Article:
WASHINGTON — The Senate Foreign Relations Committee has advanced Jack Lew’s nomination to be the next U.S. ambassador to Israel.
The Democratic-led panel reported the nomination out of the committee in a 12-9 vote Wednesday, a week after Lew — who served as treasury secretary and White House chief of staff under then-President Barack Obama — testified before lawmakers at his confirmation hearing.
Kentucky Sen. was the only Republican in the committee who voted with all Democratic members to advance Lew’s nomination.
Lew needed a simple majority in the committee to support his nomination to advance to the Senate floor, where a final confirmation vote will likely occur next week.
Some Senate Republicans had expressed earlier this week that they were frustrated with responses that Lew submitted to their follow-up questions after his hearing last week, and requested additional information before moving forward with the committee vote.
The full Senate is expected to hold the confirmation vote on Lew’s nomination next week at the earliest, as holding a vote this week would require an agreement among all 100 senators, which is highly unlikely because of GOP opposition to his nomination.
At his confirmation hearing last week, Lew said that Israel’s “security is paramount” and called Iran “a threat to regional stability and Israel’s existence.”
“I will do my utmost to end the horrific attacks by Hamas and to ensure that Israel has what it needs to defend itself, and I will spare no effort in working to help American citizens now captive to return home safely,” he said.
After the Oct. 7 terror attack, the White House began working urgently to kick-start the confirmation process. Congressional recesses and other issues had delayed it after President Joe Biden nominated Lew in September.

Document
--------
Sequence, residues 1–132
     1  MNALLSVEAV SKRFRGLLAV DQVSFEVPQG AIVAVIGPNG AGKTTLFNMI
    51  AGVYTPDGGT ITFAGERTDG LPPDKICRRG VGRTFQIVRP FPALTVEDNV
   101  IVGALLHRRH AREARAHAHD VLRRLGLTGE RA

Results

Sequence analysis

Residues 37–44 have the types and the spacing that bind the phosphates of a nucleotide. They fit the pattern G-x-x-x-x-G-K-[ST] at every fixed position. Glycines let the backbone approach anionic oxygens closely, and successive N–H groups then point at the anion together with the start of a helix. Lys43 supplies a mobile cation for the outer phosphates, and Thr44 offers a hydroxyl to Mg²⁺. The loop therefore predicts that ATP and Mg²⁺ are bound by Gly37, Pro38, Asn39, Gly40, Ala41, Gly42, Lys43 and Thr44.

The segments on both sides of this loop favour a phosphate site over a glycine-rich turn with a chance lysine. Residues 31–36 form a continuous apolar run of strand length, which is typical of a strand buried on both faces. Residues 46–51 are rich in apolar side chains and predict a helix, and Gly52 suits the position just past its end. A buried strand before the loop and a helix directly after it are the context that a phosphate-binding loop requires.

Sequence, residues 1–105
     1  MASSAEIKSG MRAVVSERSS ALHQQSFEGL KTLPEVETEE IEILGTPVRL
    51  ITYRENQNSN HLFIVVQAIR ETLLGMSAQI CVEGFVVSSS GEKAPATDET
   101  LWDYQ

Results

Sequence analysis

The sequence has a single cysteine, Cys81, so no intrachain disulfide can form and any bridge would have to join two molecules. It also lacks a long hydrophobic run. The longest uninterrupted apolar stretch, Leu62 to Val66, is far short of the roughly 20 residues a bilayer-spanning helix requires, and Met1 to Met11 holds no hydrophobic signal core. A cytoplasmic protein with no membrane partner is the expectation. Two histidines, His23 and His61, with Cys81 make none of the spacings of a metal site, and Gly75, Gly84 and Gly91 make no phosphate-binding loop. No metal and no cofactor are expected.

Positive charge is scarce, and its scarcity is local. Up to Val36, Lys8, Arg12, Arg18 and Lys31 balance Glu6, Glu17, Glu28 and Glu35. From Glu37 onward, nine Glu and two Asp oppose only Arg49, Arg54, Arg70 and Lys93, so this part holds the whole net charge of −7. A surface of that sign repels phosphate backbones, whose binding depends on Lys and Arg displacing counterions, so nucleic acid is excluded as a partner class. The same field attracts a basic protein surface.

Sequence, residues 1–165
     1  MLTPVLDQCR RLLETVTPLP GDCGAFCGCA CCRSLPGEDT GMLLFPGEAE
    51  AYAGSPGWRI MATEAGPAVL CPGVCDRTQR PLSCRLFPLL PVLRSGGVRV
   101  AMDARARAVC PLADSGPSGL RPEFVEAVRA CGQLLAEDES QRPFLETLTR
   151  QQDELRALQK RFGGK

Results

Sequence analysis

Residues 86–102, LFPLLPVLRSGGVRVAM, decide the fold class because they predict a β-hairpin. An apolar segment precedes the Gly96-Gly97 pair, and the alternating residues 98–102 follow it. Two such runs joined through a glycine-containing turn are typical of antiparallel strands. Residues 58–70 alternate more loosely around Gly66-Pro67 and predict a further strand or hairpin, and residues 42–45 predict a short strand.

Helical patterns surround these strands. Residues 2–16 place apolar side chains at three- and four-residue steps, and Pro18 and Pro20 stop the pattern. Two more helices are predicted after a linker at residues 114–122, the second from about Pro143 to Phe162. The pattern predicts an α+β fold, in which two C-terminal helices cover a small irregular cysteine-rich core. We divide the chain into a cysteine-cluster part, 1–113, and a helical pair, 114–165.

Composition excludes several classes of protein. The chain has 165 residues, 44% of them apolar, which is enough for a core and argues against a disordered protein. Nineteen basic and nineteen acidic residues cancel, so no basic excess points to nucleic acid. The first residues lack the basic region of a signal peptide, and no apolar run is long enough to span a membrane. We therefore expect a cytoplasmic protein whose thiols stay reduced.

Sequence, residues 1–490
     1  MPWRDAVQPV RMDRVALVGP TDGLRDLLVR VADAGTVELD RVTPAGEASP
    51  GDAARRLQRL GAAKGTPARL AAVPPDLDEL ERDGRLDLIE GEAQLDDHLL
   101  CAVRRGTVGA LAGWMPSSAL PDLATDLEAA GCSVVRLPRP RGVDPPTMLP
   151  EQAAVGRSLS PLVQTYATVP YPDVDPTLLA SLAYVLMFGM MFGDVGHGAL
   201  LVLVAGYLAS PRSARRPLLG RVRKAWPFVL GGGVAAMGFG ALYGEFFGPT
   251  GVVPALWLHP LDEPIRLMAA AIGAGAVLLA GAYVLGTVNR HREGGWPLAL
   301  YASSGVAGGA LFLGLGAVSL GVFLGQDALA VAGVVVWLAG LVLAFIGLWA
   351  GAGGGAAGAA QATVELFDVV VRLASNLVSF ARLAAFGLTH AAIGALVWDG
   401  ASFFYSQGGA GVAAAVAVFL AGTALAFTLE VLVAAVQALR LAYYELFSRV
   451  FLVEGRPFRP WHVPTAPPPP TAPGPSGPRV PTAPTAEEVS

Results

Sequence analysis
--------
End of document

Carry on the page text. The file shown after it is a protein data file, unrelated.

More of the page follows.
Lew is likely to receive widespread support from Senate Democrats, but it is unclear how many Republicans he can win over. And while he may not need GOP backing if all 51 members of the Democratic Caucus back him, unanimous bipartisan support would allow for a faster confirmation vote.
Republicans have been critical of Lew over his involvement in a 2015 Iran nuclear deal as treasury secretary during the Obama administration. They’ve accused him of having secretly given Iran access to U.S. financial markets in that period. Lew, however, has denied the allegation and said at his confirmation hearing that Iran complained “that my actions are what kept them from getting full access to the world financial system.”
The U.S. has not had a Senate-confirmed ambassador to Israel since Tom Nides left the administration in July. Stephanie Hallett, a career diplomat, has been the top U.S. official at the U.S. Embassy in the interim.
Lew, who is Jewish, has decades of experience in Washington and has been active in pro-Israel advocacy circles. He was the White House chief of staff for the last two years of Obama’s first term and then treasury secretary from 2013 to 2017.
This article was originally published on NBCNews.com